Keith, I think you’re approaching Weerasethakul as a relative newcomer, though I’m jealous of you for seeing the 35mm of Memoria when it swung through town. (Thanks to the Toronto Film Festival, I’ve seen all of his features in a theater except Memoria and Mysterious Object at Noon, and really value that experience with him.) Were you thrown for a loop by Tropical Malady?
Keith: I am, I have to confess, late to the Weerasethakul party, though I’m glad I made it. I’m also glad I took the opportunity to see Memoria in a theater (at our beloved Music Box), both because I enjoyed it greatly and because it helped me adjust my expectations for watching Tropical Malady at home. Projected, Memoria is an immersive experience with its detail-packed frames and enveloping sound design. It’s a great argument for why the theatrical experience shouldn’t be reserved for blockbusters and what we’ll lose if we relegate certain types of films to home viewing.
Watching Memoria that way also gave me a framework for Weerasethakul’s approach to filmmaking. Barring a Weerasethakul retrospective—not out of the question, of course—I’ll most likely see his other films at home, so it’s helpful to be able to project out from the relatively meager experience of, say, an out-of-print ’00s DVD I had to track down on eBay and have an idea of what the film would be like in an ideal environment.
To answer your question about whether or not I was thrown for a loop by Tropical Malady, yes and no. No in the sense that I didn’t find watching it an off-putting experience, quite the opposite. But yes in the sense this is a baffling movie that resists any easy attempt to interpret it. Even the relatively (key word) straightforward first half is filled with the inexplicable, like that sensuous but strange final meeting between Keng and Tong and an earlier scene in the movie theater in which they’re doing something that seems like it ought to be sexual but doesn’t really line up with how the human anatomy works. The expressions on their faces are more pleasantly blissed-out than erotically transported.
I keep thinking about the connections between the two halves, too. Even though the pairing in the film’s second part is between a tiger shaman (Kaewbuadee) and a soldier (Lomnoi), it has a much more intense erotic charge than the first half, in which Keng is almost courtly in his treatment of Tong. It also raises questions I don’t think can be answered from the start. Is the soldier Tong pursuing Keng in some other form after the latter vanishes into the forest? The film begins with soldiers finding the body of a civilian mauled by some unknown attacker and ends with Tong overhearing villagers discussing some mysteriously mauled cattle. But it’s hard to say for sure if the second half is a direct sequel to the first or a kind of magical realist remix of the same relationship.
I’d love to hear your take on these aspects, but I don’t think Tropical Malady is a film to be “solved.” It’s elusive by nature and slips into the realm of myth even in the first half, which includes a folktale about greed in which treasuretransforms into animals. The second half takes place in a world in which the line between humanity and the animal kingdom becomes extremely thin in the middle of the jungle. My mind went to everything from Apocalypse Now to the “Hungry Like the Wolf” video, two very Western takes on the meanings of the jungle, but I think that’s apt given how much the film’s first half juxtaposes modernity and technology with the Thai hinterlands.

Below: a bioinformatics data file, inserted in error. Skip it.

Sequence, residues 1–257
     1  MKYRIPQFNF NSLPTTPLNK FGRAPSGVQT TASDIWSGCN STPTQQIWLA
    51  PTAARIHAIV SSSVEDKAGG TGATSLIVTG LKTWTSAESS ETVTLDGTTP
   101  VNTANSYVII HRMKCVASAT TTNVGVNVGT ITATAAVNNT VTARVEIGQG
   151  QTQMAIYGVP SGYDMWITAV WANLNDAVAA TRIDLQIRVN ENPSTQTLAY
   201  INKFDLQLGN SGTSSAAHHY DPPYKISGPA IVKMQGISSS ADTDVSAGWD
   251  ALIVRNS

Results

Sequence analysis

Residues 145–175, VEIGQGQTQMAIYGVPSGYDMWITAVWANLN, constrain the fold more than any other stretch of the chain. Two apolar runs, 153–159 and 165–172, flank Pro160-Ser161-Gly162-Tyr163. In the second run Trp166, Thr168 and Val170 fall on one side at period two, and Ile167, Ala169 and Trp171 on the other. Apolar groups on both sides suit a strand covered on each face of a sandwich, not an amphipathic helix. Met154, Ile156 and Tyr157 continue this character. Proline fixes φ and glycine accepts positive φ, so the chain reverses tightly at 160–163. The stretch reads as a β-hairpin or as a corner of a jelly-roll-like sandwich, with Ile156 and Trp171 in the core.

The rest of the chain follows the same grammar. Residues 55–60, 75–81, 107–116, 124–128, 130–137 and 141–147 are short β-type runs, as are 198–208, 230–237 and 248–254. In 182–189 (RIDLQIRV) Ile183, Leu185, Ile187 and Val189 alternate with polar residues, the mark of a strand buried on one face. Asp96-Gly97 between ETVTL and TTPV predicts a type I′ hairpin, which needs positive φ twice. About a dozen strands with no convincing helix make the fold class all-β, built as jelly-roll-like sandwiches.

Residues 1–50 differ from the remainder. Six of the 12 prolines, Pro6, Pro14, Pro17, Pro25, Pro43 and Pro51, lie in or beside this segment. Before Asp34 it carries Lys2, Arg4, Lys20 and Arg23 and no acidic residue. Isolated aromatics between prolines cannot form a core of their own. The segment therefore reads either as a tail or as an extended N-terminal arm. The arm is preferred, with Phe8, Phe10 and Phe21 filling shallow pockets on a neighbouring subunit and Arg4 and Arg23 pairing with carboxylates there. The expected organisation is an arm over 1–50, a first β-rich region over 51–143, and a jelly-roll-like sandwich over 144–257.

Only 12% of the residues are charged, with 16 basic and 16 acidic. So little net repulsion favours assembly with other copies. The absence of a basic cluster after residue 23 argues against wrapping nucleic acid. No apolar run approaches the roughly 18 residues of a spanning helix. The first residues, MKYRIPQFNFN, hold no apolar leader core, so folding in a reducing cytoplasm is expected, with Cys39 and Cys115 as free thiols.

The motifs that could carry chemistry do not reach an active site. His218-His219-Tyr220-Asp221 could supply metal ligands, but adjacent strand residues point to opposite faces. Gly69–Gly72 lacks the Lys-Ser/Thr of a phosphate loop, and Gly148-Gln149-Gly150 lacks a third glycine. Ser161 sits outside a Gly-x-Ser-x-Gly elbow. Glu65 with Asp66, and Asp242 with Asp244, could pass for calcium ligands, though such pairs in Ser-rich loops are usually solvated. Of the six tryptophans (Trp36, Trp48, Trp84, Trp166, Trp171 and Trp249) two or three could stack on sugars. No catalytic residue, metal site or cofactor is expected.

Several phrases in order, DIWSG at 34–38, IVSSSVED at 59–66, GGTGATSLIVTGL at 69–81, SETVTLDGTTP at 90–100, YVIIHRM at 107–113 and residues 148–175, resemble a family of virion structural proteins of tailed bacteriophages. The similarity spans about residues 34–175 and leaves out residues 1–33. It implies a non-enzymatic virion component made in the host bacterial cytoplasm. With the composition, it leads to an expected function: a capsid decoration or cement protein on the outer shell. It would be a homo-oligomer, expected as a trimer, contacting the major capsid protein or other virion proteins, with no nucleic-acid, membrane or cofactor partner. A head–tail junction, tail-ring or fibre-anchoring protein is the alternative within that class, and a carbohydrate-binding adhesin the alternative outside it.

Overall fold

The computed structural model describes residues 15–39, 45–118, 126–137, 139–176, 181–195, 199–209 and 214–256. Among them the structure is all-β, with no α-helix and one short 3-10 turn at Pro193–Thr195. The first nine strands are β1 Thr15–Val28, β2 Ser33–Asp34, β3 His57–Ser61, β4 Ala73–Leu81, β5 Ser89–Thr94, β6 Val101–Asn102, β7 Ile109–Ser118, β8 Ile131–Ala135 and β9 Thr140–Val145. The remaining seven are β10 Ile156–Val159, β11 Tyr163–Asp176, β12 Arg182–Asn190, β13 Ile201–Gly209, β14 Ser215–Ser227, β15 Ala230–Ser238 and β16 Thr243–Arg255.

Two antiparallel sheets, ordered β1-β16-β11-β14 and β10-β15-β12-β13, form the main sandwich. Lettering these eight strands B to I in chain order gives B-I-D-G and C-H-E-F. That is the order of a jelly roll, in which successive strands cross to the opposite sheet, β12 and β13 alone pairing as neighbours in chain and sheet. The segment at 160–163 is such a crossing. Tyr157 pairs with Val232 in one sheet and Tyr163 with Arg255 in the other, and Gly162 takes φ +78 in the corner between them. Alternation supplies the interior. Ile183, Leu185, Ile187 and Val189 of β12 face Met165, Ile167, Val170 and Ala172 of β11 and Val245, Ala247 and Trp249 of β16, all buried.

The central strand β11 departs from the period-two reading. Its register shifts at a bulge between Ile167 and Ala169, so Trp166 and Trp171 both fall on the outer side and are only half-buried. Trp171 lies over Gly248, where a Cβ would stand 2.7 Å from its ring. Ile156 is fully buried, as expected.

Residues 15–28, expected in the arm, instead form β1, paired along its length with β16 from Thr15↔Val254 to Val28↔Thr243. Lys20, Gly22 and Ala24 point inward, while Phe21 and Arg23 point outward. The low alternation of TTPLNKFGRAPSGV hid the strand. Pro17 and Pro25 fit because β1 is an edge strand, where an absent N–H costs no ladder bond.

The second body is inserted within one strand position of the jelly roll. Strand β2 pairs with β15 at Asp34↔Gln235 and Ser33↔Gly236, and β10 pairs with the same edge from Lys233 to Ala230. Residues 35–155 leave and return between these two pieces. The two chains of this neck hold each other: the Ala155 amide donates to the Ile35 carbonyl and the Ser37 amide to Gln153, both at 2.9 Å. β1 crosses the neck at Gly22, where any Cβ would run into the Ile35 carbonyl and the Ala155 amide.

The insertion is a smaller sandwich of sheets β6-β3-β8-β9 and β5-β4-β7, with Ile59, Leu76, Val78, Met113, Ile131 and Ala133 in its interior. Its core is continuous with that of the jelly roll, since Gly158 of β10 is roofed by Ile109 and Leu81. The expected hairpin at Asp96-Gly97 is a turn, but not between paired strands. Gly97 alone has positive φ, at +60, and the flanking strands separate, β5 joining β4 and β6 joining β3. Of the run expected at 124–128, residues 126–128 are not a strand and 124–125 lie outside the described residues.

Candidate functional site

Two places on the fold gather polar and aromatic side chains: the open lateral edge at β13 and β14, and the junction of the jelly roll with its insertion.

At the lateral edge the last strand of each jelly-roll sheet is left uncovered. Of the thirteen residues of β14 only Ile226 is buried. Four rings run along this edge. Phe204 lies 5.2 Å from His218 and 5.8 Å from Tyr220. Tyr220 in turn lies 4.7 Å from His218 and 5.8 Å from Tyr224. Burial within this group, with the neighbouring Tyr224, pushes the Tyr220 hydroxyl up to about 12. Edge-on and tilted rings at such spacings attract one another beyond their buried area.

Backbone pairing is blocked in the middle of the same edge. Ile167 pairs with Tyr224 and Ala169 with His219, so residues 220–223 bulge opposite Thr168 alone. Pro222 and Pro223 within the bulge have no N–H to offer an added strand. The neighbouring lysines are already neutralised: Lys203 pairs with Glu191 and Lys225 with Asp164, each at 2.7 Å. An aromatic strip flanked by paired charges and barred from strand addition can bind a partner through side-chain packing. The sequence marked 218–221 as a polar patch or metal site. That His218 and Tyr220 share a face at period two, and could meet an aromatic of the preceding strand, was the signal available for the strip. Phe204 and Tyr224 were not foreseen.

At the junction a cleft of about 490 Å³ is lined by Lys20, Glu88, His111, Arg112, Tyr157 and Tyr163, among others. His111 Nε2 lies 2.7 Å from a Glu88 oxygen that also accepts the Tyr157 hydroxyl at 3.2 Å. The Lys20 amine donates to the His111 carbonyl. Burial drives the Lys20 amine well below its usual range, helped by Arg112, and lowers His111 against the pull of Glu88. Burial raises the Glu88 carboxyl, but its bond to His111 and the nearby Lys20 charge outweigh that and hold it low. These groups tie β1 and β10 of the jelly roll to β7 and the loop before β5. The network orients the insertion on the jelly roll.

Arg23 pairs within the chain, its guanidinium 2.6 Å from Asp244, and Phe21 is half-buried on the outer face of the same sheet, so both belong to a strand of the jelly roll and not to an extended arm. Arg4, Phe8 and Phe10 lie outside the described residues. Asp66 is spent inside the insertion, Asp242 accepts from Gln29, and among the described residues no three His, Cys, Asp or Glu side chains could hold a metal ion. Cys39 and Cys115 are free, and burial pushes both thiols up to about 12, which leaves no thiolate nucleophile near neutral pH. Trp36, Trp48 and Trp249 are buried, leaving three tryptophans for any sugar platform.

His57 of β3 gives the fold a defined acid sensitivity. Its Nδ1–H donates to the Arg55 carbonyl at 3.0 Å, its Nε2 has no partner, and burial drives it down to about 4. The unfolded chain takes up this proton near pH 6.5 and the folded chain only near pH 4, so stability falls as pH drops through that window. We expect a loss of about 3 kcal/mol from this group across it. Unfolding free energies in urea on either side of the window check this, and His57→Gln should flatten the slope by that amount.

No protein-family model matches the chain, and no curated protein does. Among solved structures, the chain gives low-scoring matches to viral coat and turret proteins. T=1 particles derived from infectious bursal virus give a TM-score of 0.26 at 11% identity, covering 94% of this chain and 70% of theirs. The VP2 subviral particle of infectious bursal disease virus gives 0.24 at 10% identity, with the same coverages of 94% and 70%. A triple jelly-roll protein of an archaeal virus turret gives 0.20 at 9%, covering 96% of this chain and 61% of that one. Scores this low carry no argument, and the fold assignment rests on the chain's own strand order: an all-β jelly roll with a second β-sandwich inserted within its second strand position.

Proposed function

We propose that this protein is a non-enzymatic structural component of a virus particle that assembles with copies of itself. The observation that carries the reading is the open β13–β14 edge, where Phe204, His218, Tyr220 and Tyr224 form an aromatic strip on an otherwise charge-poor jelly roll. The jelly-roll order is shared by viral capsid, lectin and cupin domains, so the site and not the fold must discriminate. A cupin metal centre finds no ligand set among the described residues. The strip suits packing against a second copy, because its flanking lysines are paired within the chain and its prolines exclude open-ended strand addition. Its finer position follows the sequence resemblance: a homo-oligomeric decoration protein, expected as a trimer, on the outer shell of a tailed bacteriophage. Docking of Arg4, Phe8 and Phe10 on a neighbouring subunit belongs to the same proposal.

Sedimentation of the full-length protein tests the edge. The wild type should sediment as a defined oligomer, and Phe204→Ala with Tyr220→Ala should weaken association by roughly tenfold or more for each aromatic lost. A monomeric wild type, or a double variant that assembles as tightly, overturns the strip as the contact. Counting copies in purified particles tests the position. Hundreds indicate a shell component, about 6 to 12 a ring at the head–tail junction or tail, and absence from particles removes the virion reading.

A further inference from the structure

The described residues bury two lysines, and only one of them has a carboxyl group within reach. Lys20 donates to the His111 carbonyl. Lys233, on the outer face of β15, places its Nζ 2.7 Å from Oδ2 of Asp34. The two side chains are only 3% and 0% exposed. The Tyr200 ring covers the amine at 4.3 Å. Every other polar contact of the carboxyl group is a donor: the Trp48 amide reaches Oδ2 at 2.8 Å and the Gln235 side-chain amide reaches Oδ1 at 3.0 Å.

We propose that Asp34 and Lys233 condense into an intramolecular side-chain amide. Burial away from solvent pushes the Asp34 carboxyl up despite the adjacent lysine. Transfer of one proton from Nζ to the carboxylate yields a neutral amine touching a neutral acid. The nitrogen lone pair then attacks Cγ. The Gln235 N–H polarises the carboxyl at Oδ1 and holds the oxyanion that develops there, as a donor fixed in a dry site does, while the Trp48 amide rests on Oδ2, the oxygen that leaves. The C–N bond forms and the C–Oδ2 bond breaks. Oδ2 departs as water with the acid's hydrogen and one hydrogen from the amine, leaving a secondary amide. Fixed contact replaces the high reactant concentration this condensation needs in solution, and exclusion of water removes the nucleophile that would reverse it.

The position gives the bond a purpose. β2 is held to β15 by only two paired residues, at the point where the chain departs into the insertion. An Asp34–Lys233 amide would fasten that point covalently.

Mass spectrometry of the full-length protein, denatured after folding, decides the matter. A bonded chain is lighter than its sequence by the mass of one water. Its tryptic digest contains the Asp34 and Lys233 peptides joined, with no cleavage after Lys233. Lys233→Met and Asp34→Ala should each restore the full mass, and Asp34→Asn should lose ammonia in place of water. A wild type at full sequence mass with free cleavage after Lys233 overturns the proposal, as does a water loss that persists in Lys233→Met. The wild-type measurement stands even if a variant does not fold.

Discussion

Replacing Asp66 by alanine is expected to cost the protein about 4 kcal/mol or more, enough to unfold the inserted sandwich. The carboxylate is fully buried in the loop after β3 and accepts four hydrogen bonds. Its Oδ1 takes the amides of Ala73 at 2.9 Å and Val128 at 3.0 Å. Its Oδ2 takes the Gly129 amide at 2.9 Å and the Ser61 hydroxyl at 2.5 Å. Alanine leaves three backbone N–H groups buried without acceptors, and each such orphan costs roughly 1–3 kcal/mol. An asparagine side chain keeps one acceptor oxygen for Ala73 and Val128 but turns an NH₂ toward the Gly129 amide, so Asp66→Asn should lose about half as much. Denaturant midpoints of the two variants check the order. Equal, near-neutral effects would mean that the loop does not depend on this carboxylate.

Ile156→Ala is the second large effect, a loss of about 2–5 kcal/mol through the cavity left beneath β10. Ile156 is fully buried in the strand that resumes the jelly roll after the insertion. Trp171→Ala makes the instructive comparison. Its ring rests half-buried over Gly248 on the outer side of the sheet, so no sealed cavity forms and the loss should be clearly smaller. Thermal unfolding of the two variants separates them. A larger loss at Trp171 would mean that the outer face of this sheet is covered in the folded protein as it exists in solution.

Do you have a grand unified theory of what’s up with this movie? Also, do you find its divided reception more understandable or less after all these years?
Scott: The divided reception is, to me, a natural consequence of a filmmaker who’s speaking in an unfamiliar film language and might have to wait a bit for others to catch on. Tropical Malady is a true “foreign” film in that way. I can’t pretend to know all the answers myself to this or any other Weerasethakul film, because they’re often so steeped in metaphysical abstraction that their meaning is obscure. The solution I’ve had, since seeing Blissfully Yours at TIFF in 2002, is to intuit my way through his work rather than sweat over the details. It’s no use getting frustrated over spiritual themes and symbols that aren’t legible to me because that would mean missing the feeling that Weerasethakul’s films are giving off. Accept the mystery, as they say.
Still, to address the question of whether the second half of Tropical Malady is a “direct sequel” of the first or a magical realist rehashing of Keng and Tong’s relationship, I tend to favor the former reading. At the time, the structural trick Weerasethakul is pulling here reminded me of the films Taiwanese director Hong Sang-soo was doing around this time, like The Power of Kangwon Province or A Virgin Stripped Bare By Her Bachelors, which would run stories back with different variations and outcomes. You could argue that there’s a circular nature to Tropical Malady, too—as you have, by noting the connection between the body found by the soldiers at the beginning of the film, and villagers later talking about a “monster” devouring cattle—but, to me, I think the intensity of the connection between Keng and Tong becomes so overwhelming at the end of the first half that it takes another form in the second.
The transitional moment is a long time coming, as Tong’s inexperience leads to a reticence in moving the relationship forward physically. You note that odd encounter at the movie theater, when Keng puts a hand on Tong’s leg and Tong crosses over it with his other leg—which has the effect of simultaneously affirming and limiting the move. (This is not the “popcorn box” in Diner, or the cruising site of Goodbye, Dragon Inn.) I’ve seen some critics talk about the first half as deliberately mundane, but I found it merely deliberate, a patient rendering of a relationship that gains an erotic charge. At the point where the characters’ “animal” natures come out, and they appear to be grooming each other like jungle cats, the film breaks down and we get the second narrative. To me, it’s as simple as Tong disappearing into the darkness and Keng eventually following him there.